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We got started using the program show_regs in the last chapter,
but we have already run into problems. The hex number doesn't
look the same once we put it in the register - that's because
what we are seeing in the arithmetic registers is an unsigned
number. Also, when we moved a byte from AL to CH, it was clear
that something had moved, but it wasn't clear what the number
was. There are two problems here:

(1) We want to use data in hex, binary, ascii, unsigned and
signed format depending on what we are doing in the program.

(2) Some of the registers can be used as half registers, so
we want a whole register when we need it and a half register
when we need it.

Nooooooo problem. There are eight registers whose formats we want
to be able to change: AX, BX, CX, DX, SI, DI, BP and SP. We need
to give each one a code to tell it what to display. The code is
the following:

signed number 1
unsigned number 2
binary number 3
hex number 4
ascii 5

Also, we need to know whether AX, BX, CX and DX are half or full
registers. The code for that is:

half register 128 (80 hex)
full register 0

We will need to do two things - set up the codes, then tell
show_regs about the code. We'll begin by setting up the codes.

First let's start with SI, DI, BP and SP. They must be full
registers, so the half register information is irrelevant.{1} In
the data section is a set of data starting ax_byte, bx_byte ...
sp_byte. That is where you need to put the code. Don't change the
order of these variables. Just put the correct formatting code in
the appropriate byte.

mov si_byte, 3

will display SI as a binary number.


1 show_regs is very forgiving. It only recognizes half
registers where appropriate, and if you screw up on the format
code, it just makes it an unsigned number.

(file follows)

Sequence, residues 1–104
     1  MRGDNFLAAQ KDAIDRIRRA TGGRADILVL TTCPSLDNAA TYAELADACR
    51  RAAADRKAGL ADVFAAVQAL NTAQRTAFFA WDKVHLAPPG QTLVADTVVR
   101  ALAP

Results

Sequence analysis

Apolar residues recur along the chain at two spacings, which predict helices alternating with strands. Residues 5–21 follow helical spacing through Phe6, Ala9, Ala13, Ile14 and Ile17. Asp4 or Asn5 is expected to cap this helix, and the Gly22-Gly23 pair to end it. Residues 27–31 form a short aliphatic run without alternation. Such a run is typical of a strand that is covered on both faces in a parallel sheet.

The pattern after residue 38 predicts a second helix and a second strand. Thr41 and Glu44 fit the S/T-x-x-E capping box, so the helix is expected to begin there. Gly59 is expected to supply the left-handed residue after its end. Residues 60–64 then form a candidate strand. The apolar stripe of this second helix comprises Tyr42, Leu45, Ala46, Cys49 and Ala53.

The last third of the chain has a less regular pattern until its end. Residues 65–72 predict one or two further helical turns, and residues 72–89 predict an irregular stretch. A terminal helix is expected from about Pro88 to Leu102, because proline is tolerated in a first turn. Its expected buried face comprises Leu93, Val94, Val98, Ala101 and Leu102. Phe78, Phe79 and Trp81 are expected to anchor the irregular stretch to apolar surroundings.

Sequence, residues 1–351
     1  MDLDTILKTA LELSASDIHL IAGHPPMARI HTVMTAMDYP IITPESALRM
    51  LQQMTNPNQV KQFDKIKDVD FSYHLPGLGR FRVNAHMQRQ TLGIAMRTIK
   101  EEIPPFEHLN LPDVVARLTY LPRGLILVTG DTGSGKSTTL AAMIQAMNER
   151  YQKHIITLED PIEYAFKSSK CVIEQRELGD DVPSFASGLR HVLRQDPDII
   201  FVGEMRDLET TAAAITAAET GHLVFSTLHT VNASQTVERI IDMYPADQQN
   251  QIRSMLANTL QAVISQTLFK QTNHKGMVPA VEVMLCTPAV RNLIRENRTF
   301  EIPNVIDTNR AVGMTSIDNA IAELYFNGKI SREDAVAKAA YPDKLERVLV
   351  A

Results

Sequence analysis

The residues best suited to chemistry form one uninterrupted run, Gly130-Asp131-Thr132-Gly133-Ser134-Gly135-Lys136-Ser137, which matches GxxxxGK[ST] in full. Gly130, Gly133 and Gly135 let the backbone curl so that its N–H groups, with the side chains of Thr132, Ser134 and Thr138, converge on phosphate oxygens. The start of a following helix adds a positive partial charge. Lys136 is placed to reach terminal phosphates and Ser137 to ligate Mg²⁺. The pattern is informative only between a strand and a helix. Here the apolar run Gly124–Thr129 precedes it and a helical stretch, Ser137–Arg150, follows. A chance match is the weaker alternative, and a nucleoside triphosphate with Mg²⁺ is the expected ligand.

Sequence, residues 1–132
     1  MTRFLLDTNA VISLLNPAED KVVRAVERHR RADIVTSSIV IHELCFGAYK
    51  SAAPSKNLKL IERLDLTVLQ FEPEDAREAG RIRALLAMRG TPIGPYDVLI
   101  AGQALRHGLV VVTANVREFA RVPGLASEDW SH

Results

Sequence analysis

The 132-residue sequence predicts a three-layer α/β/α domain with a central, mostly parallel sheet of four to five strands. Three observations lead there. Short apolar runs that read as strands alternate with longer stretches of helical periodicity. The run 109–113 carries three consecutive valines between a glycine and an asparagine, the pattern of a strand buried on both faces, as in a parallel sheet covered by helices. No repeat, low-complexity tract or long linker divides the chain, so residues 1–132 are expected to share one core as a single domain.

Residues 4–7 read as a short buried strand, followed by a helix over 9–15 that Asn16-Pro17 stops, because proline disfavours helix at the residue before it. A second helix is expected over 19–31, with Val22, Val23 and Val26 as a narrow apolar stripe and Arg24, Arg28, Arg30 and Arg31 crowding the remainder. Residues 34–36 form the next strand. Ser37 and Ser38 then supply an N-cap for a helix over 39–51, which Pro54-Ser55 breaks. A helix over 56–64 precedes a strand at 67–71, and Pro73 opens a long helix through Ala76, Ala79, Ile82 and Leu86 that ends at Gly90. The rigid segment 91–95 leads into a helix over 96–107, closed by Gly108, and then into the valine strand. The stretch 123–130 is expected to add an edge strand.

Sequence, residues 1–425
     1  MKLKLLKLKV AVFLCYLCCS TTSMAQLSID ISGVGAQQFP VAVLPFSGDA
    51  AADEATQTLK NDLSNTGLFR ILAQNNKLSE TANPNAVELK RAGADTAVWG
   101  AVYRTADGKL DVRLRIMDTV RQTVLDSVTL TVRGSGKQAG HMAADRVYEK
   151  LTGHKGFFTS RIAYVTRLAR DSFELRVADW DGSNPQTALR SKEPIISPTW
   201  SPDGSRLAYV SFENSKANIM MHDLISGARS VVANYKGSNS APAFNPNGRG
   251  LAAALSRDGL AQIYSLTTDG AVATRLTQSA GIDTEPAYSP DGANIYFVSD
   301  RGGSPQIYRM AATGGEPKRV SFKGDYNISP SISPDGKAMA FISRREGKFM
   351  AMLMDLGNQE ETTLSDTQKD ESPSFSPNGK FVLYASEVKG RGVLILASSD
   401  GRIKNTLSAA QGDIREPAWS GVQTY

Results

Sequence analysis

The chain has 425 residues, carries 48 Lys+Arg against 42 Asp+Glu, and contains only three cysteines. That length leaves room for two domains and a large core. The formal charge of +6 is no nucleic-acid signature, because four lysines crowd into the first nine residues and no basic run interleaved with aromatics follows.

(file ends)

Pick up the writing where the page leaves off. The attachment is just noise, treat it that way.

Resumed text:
The PC Assembler Tutor - Copyright (C) 1989 Chuck Nelson

Chapter 4 - SHOW_REGS 25

mov bp_byte, 4

will display BP as a hex number.

mov di_byte, 1

will display DI as a signed number.

That's pretty easy. If you are using AX, BX, CX, or DX as a full
register, they are exactly the same.

mov dx_byte, 5 ; full register, character format
mov ax_byte, 2 ; full register, unsigned format
mov bx_byte, 3 ; full register, binary

If we use half registers we need to pass more information.
show_regs needs to know that it is half registers, not full
registers; it also needs to know what the left format is and what
the right format is. This is easier than it sounds but will take
a little getting used to. The right nibble (half byte) gets the
right format and the left nibble (half byte) gets the left
format. Then you add 128 to the total. This works easily in hex.
13h means that the left half register is (1 = signed) and the
right register is (3 = binary). Then we add (128 = 80h) for a
total of 93h. Here are some more examples. Remember, 8 + 1 = 9, 8
+ 2 = A, 8 + 3 = B, 8 + 4 = C, 8 + 5 = D

C4h ; 80h + 44h left and right are hex
A5h ; 80h + 25h left is unsigned, right is ascii
B1h ; 80h + 31h left is binary, right is signed
D2h ; 80h + 52h left is ascii, right is unsigned
94h ; 80h + 14h left is signed, right is hex

There is a summary at the end of the chapter giving all the
commands and codes for show_regs. It is important to take some
time here and learn to make the registers look the way we want,
because later on we have machine instructions for signed numbers,
for ascii characters, for binary numbers, and you need to see
what the registers look like in the appropriate formats.
Spending a little time right now will save you a lot of time
later on.

If you don't like using hex numbers you can use decimal numbers:

code = type_of_register + left code + right code

where full register = 0, half register = 128d and:


signed 16d 1d
unsigned 32d 2d
binary 48d 3d
hex 64d 4d
ascii 80d 5d

Therefore, left binary, right hex = 128 + 48 + 4 = 180d. Some

The PC Assembler Tutor 26

more examples:

left ascii, right signed = 128 + 80 + 1 = 209d
left signed, right binary = 128 + 16 + 3 = 147d
left hex, right unsigned = 128 + 64 + 2 = 192d

We can put in the code the same way as before.

mov ax_byte, 192d
mov dx_byte, 147d
mov cx_byte, 0D2h
mov bx_byte, 94h

We now have the codes in out program, but show_regs doesn't know
about them. In order to give the information to show_regs, we
call set_reg_style. set_reg_style makes a copy of your
information for use by show_regs. The next time that you call
show_regs, it will use the new register formats. There is a small
problem, however. The information we have is eight bytes long,
and ax is only two bytes long. How do we pass the information?
The answer is: we don't pass the information. Instead, we pass
the address of the information. If you look in the data segment
of temp2.asm, you will see that ax_byte is the first byte of this
data. We pass the address of ax_byte (the first byte) and